Ionization or ionisation, is the process by which an atom or a molecule acquires a negative or positive charge by gaining or losing electrons, often in conjunction with other chemical changes. The resulting electrically charged atom or molecule is called an ion. Ionization can result from the loss of an electron after collisions with subatomic particles, collisions with other atoms, molecules and ions, or through the interaction with electromagnetic radiation. Heterolytic bond cleavage and heterolytic substitution reactions can result in the formation of ion pairs. Ionization can occur through radioactive decay by the internal conversion process, in which an excited nucleus transfers its energy to one of the inner-shell electrons causing it to be ejected.
Masatoshi Koshiba is a Japanese physicist, known as one of the founders of Neutrino astronomy and jointly won the Nobel Prize in Physics in 2002.
Donald Arthur Glaser was an American physicist, neurobiologist, and the winner of the 1960 Nobel Prize in Physics for his invention of the bubble chamber used in subatomic particle physics.
In astroparticle physics, an ultra-high-energy cosmic ray (UHECR) is a cosmic ray with an energy greater than 1 EeV (1018 electronvolts, approximately 0.16 joules), far beyond both the rest mass and energies typical of other cosmic ray particles.
Bruno Benedetto Rossi was an Italian experimental physicist. He made major contributions to particle physics and the study of cosmic rays. A 1927 graduate of the University of Bologna, he became interested in cosmic rays. To study them, he invented an improved electronic coincidence circuit, and travelled to Eritrea to conduct experiments that showed that cosmic ray intensity from the West was significantly larger than that from the East.
Robert Henry Dicke was an American physicist who made important contributions to the fields of astrophysics, atomic physics, cosmology and gravity.
Pierre Victor Auger was a French physicist, born in Paris. He worked in the fields of atomic physics, nuclear physics, and cosmic ray physics. He is famous for being one of the discoverers of the Auger effect, named after him.
Philip Morrison was a professor of physics at the Massachusetts Institute of Technology (MIT). He is known for his work on the Manhattan Project during World War II, and for his later work in quantum physics, nuclear physics and high energy astrophysics.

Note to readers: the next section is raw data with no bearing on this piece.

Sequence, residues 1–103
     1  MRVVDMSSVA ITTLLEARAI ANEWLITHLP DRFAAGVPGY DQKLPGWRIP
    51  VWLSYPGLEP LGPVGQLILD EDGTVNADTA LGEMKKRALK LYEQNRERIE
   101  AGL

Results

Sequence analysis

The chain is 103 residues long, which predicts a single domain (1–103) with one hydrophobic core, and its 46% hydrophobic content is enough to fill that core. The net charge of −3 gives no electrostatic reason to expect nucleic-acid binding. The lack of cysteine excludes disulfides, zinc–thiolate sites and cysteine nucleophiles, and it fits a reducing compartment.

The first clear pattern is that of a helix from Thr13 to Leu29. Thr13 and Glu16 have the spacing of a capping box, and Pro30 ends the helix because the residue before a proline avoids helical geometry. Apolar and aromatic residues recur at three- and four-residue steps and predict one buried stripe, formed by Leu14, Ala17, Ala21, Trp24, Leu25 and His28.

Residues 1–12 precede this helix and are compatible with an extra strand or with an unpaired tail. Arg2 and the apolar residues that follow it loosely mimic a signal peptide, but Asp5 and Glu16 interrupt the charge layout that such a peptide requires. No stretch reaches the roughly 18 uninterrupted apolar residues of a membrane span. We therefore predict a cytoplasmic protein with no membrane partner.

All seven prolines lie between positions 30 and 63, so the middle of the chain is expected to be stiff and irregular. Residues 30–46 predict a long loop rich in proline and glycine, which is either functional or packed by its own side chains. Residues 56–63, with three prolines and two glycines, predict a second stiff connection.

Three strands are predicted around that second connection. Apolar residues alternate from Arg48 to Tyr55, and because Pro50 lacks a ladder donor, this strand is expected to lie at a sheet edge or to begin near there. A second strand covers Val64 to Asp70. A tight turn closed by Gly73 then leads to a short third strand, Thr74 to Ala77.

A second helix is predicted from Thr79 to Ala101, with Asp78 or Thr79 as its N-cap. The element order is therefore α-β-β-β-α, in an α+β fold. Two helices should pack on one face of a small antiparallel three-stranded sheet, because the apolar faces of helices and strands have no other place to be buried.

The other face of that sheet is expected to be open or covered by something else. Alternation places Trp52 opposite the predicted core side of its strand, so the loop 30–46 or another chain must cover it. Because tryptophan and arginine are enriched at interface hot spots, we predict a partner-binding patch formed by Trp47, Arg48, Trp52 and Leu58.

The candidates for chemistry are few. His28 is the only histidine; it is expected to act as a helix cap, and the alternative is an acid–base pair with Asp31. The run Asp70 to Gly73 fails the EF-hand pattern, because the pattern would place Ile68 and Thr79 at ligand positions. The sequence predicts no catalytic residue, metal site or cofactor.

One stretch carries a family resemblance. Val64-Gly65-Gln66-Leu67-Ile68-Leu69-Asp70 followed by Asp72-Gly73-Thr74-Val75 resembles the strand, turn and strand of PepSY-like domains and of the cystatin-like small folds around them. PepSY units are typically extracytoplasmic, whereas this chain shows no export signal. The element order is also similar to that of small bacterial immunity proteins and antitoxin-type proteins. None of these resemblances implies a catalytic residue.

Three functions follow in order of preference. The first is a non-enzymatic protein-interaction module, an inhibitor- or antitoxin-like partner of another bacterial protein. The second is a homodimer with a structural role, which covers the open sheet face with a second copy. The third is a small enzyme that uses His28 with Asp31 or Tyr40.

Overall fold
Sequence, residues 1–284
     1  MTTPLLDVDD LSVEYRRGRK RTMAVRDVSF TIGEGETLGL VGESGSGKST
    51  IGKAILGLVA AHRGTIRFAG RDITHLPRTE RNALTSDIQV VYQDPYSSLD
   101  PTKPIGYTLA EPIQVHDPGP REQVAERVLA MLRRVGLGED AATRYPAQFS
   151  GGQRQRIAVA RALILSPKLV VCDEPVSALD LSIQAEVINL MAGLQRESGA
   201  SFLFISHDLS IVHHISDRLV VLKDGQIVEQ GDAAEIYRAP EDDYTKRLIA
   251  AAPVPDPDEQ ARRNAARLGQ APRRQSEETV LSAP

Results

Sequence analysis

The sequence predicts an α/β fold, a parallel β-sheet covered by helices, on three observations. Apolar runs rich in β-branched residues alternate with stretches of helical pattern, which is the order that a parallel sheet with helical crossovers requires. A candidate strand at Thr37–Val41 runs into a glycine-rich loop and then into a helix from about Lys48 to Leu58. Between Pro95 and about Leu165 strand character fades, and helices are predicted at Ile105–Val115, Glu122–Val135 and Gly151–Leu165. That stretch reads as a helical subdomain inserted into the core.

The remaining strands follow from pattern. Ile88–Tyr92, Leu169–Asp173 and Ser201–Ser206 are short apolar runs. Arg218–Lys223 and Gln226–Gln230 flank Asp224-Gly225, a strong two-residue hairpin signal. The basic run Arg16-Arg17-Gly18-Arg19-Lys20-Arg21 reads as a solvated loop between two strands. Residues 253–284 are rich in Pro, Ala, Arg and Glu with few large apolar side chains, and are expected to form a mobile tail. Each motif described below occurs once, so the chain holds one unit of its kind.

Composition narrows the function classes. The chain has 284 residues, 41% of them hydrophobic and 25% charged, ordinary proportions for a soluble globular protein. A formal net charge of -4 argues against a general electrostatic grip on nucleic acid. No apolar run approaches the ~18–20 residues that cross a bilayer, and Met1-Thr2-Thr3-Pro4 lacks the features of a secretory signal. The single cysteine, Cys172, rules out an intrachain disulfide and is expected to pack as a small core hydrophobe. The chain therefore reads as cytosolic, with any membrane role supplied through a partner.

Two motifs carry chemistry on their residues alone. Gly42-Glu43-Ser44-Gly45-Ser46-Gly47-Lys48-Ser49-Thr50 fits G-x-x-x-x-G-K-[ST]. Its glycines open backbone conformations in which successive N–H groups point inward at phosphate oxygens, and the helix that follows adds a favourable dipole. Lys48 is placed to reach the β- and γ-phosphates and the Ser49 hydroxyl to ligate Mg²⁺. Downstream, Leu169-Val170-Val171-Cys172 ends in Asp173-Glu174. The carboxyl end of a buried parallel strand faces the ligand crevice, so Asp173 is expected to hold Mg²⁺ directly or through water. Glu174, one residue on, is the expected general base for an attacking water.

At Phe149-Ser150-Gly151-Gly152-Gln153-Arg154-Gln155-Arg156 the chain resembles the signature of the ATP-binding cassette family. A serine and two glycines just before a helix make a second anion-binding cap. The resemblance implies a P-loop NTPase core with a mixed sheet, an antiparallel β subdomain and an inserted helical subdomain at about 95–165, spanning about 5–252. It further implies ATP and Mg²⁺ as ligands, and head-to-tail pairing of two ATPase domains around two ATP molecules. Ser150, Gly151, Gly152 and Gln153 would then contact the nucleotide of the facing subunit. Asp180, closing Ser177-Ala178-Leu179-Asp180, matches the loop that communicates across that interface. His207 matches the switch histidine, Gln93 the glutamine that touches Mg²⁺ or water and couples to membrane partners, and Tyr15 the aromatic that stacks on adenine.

This is a timeline of subatomic particle discoveries, including all particles thus far discovered which appear to be elementary given the best available evidence. It also includes the discovery of composite particles and antiparticles that were of particular historical importance.
David Locke Webster was an American physicist and physics professor, whose early research on X-rays and Parson's magneton influenced Arthur Compton.
Frans Michel Penning was a Dutch experimental physicist. He received his PhD from the University of Leiden in 1923, and studied low pressure gas discharges at the Philips Laboratory in Eindhoven, developing new electron tubes during World War II. Many detailed observations of gas ionization were done with colleagues, finding notable results for helium and magnetic fields. He made precise measurements of Townsend discharge coefficients and cathode voltage fall. Penning made important contributions to the advancement of high resolution Mass spectrometry.
The dihydrogen cation or hydrogen molecular ion is a cation with formula H+
2. It consists of two hydrogen nuclei (protons) sharing a single electron. It is the simplest molecular ion.
Alpha particles, also called alpha ray or alpha radiation, consist of two protons and two neutrons bound together into a particle identical to a helium-4 nucleus. They are generally produced in the process of alpha decay, but may also be produced in other ways. Alpha particles are named after the first letter in the Greek alphabet, α. The symbol for the alpha particle is α or α2+. Because they are identical to helium nuclei, they are also sometimes written as He2+
indicating a helium ion with a +2 charge. If the ion gains electrons from its environment, the alpha particle becomes a normal helium atom 4
Paul Bruce Corkum is a Canadian physicist specializing in attosecond physics and laser science. He holds a joint University of Ottawa–NRC chair in Attosecond Photonics. He is one of the students of strong field atomic physics, i.e. atoms and plasmas in super-intense laser fields.
Tsvi Piran is an Israeli theoretical physicist and astrophysicist, best known for his work on Gamma-ray Bursts (GRBs) and on numerical relativity.
Helen Sarah Freedhoff was a Canadian theoretical physicist who studied the interaction of light with atoms. She gained her doctorate at the University of Toronto in 1965 and completed a postdoctoral fellowship at Imperial College in London. Freedhoff was the first woman appointed as a physics professor at York University in Toronto, and is believed to have been the only woman professor of theoretical physics in Canada at the time.